• Dayna Sharp, LCSW

The Problem with Blaming Mental Health for Mass Shootings



Our society doesn’t speak much about mental health...There’s not a lot of discourse or debate on how mental health is funded, how we can increase access to mental health services, what mental health looks like and how we can reduce the risk of “mental illness” from a public health perspective. We don’t talk about it much...until there’s a tragedy. A hostage situation, a murder, a mass shooting. Suddenly everyone wants to talk about mental health.


The First Problem



We can’t just label any kind of despicable human behavior as mental illness. It only adds to an unrealistic stigma that adds to the barriers for folks who want to access mental healthcare. If we really want people to be able to access quality care, we need to de-stigmatize the struggle and asking For help. Equally important, the vast, vast majority of people who struggle with mental health are not violent. So if we hear about mental health and illness only in relation to violence, we paint a picture of mental health that is wildly inaccurate and shaming.


The Second Problem


Unless we’re opening a dialogue around how to change the funding structure of mental healthcare, were not really talking about mental health in a meaningful way. When the “mental illness” conversation comes up as an explanation as why people do unthinkable, terrible things, it is often a knee-jerk, superficial conversation. We’re not actually talking about making mental healthcare more accessible, and really—it doesn’t make a great case for funding mental health care if, as the story goes, it means treating violent killers. Let’s talk about mental health, but let’s do it in a realistic, solution-focused way!


The Third Problem


The mental health argument is often used as a topic change away from gun control. When we discuss mental heath in a superficial, stigmatizing manner and avoid talking about policies regarding assault weapons, we continue to allow these kinds of shootings to go on. And then we all live in some kind of fear—will there be a shooting in my neighborhood, my place of worship, my child’s school?? And that’s not good for our collective mental health.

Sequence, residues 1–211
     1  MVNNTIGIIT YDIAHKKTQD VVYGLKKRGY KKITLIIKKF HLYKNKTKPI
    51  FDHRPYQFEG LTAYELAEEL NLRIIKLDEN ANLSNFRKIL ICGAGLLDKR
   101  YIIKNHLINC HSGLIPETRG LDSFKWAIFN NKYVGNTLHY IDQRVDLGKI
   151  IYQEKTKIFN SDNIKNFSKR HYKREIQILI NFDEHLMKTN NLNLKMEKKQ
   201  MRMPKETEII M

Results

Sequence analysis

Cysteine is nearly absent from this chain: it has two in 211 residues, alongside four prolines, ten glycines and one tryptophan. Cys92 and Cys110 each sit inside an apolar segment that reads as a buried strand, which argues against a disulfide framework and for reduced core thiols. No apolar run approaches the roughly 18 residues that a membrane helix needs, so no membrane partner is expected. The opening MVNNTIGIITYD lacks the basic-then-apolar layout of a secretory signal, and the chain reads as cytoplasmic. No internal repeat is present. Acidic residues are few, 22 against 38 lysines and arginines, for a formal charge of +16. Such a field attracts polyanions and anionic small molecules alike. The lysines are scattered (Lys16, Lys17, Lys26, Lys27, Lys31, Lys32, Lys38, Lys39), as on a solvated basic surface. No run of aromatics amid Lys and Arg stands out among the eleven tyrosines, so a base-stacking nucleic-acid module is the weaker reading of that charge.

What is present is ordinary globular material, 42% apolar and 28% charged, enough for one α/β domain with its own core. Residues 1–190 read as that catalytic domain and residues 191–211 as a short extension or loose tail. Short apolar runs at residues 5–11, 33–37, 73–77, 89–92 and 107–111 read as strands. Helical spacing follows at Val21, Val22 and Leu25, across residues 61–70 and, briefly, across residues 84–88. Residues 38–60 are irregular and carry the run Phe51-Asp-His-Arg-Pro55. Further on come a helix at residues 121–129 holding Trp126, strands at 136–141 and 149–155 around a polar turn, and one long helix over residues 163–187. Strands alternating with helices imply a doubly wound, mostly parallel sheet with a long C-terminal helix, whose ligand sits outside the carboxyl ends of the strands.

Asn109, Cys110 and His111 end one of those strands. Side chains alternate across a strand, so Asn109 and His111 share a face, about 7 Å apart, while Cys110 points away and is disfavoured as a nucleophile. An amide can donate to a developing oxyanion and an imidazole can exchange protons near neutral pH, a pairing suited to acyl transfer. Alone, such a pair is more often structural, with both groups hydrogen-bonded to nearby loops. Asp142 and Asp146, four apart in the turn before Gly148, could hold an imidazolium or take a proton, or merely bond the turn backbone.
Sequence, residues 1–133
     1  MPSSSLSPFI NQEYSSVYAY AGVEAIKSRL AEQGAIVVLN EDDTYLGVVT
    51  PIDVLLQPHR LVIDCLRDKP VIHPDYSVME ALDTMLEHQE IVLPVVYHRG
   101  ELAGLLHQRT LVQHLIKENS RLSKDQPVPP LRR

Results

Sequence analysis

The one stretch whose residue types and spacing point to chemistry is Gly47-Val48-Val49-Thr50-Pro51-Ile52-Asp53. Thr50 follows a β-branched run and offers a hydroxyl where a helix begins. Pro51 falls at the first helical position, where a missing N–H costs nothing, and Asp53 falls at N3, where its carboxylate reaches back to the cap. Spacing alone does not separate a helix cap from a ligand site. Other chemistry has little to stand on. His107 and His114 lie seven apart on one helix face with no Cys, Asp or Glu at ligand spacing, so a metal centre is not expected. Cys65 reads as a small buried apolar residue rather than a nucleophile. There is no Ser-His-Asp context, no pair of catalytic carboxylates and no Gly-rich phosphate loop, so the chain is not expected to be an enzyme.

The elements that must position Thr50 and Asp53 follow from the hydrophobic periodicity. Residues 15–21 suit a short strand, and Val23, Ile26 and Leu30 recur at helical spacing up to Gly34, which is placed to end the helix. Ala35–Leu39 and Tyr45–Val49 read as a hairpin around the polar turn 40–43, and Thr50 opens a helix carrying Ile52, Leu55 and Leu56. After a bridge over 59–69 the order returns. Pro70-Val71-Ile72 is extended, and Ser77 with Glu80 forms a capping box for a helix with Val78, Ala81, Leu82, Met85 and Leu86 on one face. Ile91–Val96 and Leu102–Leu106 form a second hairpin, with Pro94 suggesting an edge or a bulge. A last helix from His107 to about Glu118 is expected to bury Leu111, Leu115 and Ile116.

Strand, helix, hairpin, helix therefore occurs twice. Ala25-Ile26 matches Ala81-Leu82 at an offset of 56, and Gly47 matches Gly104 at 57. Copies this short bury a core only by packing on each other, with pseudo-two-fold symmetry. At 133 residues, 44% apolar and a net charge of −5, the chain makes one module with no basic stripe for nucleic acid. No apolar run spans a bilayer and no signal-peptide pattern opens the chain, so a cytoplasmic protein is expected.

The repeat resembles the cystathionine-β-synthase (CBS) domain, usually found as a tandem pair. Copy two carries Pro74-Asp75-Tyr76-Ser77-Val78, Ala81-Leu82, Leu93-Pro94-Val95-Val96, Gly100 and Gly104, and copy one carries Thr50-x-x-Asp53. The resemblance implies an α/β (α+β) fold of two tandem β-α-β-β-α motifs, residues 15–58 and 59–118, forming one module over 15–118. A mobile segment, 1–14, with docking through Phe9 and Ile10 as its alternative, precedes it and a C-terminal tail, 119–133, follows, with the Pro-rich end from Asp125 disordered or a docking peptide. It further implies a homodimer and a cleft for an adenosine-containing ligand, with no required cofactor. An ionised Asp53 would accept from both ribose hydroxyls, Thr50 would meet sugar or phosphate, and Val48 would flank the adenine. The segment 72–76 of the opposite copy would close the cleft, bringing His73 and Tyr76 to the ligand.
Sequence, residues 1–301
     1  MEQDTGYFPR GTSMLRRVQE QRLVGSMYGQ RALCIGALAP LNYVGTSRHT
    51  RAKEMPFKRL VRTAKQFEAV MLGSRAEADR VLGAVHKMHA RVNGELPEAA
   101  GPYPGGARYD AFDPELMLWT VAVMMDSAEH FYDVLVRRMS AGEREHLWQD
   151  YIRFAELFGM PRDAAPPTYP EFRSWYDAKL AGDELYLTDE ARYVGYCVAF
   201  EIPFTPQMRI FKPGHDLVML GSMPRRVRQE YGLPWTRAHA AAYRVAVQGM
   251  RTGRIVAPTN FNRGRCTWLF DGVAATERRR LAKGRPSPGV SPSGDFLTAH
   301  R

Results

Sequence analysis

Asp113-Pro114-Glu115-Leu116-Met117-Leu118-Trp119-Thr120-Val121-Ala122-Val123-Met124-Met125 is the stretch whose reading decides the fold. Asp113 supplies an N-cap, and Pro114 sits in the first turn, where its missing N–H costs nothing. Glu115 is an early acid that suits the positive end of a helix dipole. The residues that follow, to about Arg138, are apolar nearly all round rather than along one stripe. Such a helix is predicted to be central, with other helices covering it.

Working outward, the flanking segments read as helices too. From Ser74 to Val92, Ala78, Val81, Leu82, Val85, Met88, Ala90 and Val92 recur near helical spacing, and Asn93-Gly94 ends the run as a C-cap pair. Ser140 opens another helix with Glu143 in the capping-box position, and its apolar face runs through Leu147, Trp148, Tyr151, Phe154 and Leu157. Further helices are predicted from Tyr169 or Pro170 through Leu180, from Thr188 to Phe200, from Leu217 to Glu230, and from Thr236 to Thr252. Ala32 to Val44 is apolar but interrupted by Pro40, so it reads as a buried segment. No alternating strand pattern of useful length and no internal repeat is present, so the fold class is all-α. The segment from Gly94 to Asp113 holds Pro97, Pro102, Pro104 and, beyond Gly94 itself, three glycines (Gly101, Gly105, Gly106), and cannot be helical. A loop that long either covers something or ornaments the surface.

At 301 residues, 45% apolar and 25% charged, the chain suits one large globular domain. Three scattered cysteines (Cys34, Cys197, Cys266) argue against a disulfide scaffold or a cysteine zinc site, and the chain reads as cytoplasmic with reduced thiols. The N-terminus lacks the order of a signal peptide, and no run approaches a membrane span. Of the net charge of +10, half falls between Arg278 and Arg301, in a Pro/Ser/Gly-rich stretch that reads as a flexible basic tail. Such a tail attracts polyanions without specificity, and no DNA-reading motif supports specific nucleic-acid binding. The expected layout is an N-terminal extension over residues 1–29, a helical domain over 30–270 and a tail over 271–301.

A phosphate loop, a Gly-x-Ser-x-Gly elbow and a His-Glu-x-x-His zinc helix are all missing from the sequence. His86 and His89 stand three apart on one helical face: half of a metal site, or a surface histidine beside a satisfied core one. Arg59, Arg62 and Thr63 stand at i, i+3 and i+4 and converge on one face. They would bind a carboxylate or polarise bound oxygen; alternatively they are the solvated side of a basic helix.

The Fourth Problem


When we blame ”mental illness”, we are scapegoating an individual for a social problem. Of course, the Individual who shoots is responsible for their actions. But we can’t only explain their behavior on their individual qualities. Why do mass shootings occur so much more often in the US than other countries? Is there something about our culture, our policies that could support such action? If these shooters had grown up in Finland or Japan, would they have committed these crimes against humanity? Why or why not?


The bottom line is that it’s problematic, unrealistic and stigmatizing to link mental health with the perpetration of violence. And it very much misses the point that the only way mental health is related is that we are left in the wake of this violence...we all struggle with the fear, anxieties and powerlessness that we feel about safety of ourselves and our loved ones.